Bradley Merrill Thompson, a Member of the Firm in the Health Care and Life Sciences practice, in the firm’s Washington, DC, office, was quoted in CNBC, in “Why the Apple Watch Won’t Replace Your Doctor Anytime Soon,” by Christina Farr.
Following is an excerpt:
Apple is moving ahead with a plan to screen for disease with its Apple Watch, starting with a clinical study. …
“A heart rate sensor would have a very difficult time demonstrating the level of reliability and accuracy necessary for a diagnostic claim,” said Bradley Merrill Thompson, an FDA expert with the law firm Epstein Becker & Green.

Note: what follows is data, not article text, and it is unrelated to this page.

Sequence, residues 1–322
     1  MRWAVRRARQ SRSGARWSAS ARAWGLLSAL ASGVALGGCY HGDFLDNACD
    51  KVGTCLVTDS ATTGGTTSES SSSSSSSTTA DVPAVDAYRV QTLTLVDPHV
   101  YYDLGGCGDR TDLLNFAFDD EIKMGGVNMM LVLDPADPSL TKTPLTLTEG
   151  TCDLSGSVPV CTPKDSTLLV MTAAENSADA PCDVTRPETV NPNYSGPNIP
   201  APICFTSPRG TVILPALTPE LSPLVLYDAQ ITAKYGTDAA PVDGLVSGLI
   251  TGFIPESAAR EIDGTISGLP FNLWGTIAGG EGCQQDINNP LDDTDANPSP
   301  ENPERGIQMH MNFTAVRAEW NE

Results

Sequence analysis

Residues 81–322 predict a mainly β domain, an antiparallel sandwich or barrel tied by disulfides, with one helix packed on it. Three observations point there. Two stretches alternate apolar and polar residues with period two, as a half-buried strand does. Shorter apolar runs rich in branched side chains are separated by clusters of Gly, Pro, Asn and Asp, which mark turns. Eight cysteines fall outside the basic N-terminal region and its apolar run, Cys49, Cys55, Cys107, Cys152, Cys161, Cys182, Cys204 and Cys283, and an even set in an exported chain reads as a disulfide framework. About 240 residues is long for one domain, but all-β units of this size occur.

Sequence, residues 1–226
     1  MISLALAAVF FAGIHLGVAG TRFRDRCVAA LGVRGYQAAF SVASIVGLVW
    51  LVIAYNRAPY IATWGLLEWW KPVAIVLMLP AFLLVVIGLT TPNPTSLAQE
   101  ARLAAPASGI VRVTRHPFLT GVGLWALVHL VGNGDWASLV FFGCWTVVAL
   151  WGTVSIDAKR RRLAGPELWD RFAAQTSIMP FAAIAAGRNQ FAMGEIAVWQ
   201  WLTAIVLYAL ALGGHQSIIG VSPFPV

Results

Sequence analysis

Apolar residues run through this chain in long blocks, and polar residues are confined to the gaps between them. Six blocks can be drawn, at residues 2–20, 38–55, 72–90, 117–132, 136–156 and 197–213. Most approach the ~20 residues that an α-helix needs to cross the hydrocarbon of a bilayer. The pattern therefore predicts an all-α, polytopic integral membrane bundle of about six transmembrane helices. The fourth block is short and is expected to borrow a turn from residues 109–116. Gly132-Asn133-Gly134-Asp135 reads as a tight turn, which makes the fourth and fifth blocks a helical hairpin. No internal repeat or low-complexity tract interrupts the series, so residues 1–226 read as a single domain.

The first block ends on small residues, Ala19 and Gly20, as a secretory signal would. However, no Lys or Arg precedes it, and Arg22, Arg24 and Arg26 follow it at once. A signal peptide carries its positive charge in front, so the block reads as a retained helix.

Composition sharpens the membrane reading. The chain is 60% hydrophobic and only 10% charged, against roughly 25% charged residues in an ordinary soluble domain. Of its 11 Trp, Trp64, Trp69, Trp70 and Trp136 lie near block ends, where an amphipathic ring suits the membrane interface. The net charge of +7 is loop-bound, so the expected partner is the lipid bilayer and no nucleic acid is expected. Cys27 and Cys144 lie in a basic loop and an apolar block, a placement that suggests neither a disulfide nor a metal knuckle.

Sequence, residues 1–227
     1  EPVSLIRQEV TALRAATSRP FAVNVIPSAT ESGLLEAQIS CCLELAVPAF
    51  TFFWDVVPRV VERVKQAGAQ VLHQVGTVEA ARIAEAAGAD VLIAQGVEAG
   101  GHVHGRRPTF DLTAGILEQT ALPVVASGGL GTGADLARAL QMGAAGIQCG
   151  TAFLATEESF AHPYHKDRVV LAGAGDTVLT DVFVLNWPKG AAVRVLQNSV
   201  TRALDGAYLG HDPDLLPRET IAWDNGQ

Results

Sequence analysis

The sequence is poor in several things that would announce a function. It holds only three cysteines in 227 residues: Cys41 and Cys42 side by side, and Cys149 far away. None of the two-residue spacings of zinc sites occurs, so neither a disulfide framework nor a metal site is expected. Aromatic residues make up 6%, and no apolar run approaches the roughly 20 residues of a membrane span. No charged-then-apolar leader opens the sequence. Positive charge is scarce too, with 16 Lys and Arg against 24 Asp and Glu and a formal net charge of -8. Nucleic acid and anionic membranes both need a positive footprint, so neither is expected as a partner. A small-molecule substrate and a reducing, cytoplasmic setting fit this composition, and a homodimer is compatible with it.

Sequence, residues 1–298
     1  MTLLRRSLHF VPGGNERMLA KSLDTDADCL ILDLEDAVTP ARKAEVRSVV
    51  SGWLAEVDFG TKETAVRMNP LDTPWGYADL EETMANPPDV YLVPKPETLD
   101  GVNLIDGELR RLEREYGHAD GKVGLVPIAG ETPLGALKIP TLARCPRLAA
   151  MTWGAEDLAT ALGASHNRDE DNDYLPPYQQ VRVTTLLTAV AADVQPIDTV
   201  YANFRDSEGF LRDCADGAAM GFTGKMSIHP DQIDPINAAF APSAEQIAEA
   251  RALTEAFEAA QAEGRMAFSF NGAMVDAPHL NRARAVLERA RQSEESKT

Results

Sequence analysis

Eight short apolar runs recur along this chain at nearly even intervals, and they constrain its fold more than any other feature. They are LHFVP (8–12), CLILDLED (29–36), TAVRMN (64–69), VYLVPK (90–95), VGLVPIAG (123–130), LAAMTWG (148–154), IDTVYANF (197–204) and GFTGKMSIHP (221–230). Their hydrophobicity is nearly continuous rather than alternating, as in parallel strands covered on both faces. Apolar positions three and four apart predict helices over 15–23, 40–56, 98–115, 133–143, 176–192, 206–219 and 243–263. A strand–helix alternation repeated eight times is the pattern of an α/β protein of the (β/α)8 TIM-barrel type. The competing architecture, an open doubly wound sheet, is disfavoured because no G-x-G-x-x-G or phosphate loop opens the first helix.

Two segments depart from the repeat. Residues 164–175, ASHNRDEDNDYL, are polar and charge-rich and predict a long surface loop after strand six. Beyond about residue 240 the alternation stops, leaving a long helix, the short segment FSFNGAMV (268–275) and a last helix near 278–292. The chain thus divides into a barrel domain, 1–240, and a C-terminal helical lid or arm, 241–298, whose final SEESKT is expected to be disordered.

Either way, as Thompson points out, Apple will face some kind of regulatory process if it turns the study into a product.
That would be unprecedented territory for Apple, which would need to think about a lot more than designing elegant products.
“Software has to go beyond just reliability to showing that the software encounter actually leads to appropriate care for the patient,” he said.